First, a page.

To your surprise, you don’t need to use harsh chemicals to eradicate poison ivy from your property.
When it comes to gardeners and outdoor enthusiasts, poison ivy is a nightmare. Because of their severe allergies to the greasy resin. For weeks on end, those who are afflicted with it may suffer from agonizing itching and a rash.
Poison ivy can cause a rash in as little as a few hours. It can show up in as little as four hours for some people, while symptoms may not occur for nearly two days for other people. So it’s not only the leaves you have to worry about; you can acquire poison from the plant as well.
Resin is found and transported through touch not only in the stems, branches, and leaves above ground but also in its roots below the earth. Because of this, getting rid of this invasive plant is always at the top of the list for many people.
Why Is Fall the Best Time to Remove Poison Ivy?
The fall is an excellent time to get rid of poison ivy from your landscape for a number of reasons, including the fact that the plant remains dormant over the winter.
To begin with, in the early fall, poison ivy is one of the easiest plants to recognize. The reason for this is that its leaves are among the first to change color and become more vibrant in the autumn.
Those are some of the most vibrant and gorgeous fall leaf colors, and they’ve all been lost. From golden yellow to deep crimson and even purple, the leaves are lustrous and dazzling in their tone.
However, their brilliant nature makes them easier to identify and remove, especially if you are attempting to dig them out with your own hands.
When poison ivy begins to drop its leaves, it becomes more vulnerable, making fall an ideal time to eradicate it. It’s easy to get rid of them with just a few sprays of your favorite natural products if you hit them in early October.
With that in mind, here are some of the easiest ways to get rid of poison ivy from your property.
Poison Ivy Killing Methods – 3 Natural Approaches That Work!
1. Using Horticultural Vinegar
Poison ivy can be effectively treated with horticultural vinegar. An ideal moment to eradicate a weed is right as the leaves begin to change color.
The acidity of horticultural vinegar (also known as industrial vinegar) is significantly higher than that of ordinary household vinegar. Horticultural vinegar, on the other hand, can be anywhere from 30 to 45 per cent acidic, whereas kitchen vinegar is often around 5 per cent.
Aside from the fact that horticulture vinegar can also be used to destroy weeds, it can also be used to kill poison ivy. Simply put the vinegar in a spray bottle and use it at full power.
Watch what happens when you liberally mist the leaves with the solution. Spraying in the middle of the day will make it work even better when it’s hot and sunny.
When spraying around other plants, make sure to exclusively target the ivy’s leaves. Any plant that comes into touch with vinegar will be killed by the acid. Poison ivy normally requires a few applications spaced a few days apart in order to be entirely eradicated.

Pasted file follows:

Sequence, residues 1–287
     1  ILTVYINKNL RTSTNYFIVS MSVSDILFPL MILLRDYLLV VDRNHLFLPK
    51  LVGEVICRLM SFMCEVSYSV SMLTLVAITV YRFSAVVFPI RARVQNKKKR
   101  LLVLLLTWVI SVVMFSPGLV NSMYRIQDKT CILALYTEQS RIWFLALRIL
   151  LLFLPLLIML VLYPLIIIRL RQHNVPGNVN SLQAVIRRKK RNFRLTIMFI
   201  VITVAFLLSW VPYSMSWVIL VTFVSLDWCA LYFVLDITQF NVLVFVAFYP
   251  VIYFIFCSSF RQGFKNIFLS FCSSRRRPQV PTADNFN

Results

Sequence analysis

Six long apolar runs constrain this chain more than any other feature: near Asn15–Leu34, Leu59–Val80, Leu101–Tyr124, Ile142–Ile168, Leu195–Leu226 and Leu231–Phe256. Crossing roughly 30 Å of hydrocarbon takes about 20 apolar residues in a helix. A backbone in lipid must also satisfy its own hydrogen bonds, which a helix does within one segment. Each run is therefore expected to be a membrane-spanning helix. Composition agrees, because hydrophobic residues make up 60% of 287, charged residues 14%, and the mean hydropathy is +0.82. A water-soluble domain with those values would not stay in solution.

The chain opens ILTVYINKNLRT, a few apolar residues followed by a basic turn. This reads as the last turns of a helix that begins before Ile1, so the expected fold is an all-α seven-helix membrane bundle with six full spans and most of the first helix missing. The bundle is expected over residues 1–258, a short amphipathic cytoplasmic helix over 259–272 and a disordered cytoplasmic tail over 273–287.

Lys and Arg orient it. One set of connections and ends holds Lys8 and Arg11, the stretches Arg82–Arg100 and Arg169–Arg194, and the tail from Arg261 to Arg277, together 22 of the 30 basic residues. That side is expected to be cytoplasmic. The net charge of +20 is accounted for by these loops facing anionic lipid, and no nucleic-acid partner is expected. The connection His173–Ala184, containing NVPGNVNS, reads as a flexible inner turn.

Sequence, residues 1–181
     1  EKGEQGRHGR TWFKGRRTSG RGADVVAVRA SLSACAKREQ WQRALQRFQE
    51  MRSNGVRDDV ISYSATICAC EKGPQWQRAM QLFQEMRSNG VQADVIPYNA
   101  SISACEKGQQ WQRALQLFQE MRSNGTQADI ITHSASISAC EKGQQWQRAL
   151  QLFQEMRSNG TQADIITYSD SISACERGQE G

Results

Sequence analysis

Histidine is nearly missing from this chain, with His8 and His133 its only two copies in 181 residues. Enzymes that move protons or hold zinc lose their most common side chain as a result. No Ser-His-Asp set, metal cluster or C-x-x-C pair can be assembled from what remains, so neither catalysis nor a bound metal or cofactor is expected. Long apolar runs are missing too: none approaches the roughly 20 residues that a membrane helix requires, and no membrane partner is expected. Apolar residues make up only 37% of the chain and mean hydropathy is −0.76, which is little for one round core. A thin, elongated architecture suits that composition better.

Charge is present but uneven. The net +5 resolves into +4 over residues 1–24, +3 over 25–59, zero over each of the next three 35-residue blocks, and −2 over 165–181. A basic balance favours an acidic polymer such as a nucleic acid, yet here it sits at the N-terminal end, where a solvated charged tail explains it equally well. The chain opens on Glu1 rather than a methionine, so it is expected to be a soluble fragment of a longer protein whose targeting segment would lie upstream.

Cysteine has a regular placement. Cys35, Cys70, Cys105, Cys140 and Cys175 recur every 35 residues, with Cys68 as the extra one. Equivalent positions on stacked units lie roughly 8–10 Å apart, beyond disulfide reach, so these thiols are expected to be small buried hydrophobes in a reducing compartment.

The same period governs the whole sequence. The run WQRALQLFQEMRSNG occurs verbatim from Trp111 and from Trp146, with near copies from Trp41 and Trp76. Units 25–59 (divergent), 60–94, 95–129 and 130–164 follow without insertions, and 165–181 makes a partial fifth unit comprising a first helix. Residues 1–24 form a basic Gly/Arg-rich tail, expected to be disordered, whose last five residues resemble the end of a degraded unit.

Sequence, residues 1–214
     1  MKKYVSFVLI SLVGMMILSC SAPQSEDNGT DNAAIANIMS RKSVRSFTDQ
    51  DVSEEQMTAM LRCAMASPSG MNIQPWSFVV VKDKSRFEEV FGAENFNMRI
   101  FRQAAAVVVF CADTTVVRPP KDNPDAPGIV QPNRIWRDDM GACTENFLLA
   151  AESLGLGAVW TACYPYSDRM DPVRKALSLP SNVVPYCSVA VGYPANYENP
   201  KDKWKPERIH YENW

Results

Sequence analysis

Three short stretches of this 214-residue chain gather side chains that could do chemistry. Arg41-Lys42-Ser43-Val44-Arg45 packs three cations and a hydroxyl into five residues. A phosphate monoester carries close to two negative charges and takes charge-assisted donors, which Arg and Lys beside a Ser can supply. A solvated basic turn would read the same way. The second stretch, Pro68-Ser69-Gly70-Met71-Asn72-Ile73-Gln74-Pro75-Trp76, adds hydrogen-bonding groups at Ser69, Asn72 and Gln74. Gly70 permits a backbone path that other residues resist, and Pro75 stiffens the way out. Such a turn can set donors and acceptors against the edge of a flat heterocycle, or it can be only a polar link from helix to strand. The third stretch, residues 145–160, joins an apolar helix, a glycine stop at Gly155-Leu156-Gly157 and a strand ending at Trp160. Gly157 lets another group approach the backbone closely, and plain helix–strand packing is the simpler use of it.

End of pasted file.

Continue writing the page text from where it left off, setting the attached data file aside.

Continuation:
When working with high-strength vinegar, always use eye and hand protection. After all, it’s an acid, therefore it can burn your skin and eyes if you touch it.
2. Salt Water Spraying – How To Kill Poison Ivy Plants
A salt water solution can also be used to kill poison ivy naturally if vinegar is not your thing. Mix 2 cups of salt and 1/2 gallon of water together to form the brine.
Dish soap can be added to the solution if desired. The spray will adhere to ivy leaves instead of trickling off because of this. Spray liberally on the ivy leaves using a hand sprayer.
Any plant life that comes into touch with the salt solution will be harmed. The leaves of the ivy, not the foliage of other plants, should be sprayed with the insecticide.
The ivy may need a few more applications of the salt solution before it is totally eradicated. In order to ensure that the roots are killed, repeat the application every three to four days until the foliage is dead. Once again, spraying during the hottest part of the day and in full sunlight will boost the efficiency of the salt solutions.
3. Hand Digging Plants
Even though this is the most time-consuming option, removing plants by hand is the most efficient. In the spring and summer, finding poison ivy might be difficult. Foliage can readily be mistaken for that of many other plants.
In September and early October, ivy leaves turn swiftly, making them simple to identify. The best way to get rid of ivy for good is to go after the roots. Dig down at least six to eight inches into the root system of the plant to remove it from the ground.
You can dispose of the leaves and stems by bagging them and putting them in your yard waste bin. Poison ivy should never be burned. The resin can quickly spread through the air and cause major health problems.
When attempting to remove plants by hand, always wear gloves and long sleeves to protect your hands. After that, be cautious when handling the clothing until all resin has been removed by washing.
To an itch-free gardening season, next year here’s to eradicate the poison ivy in your yard this fall.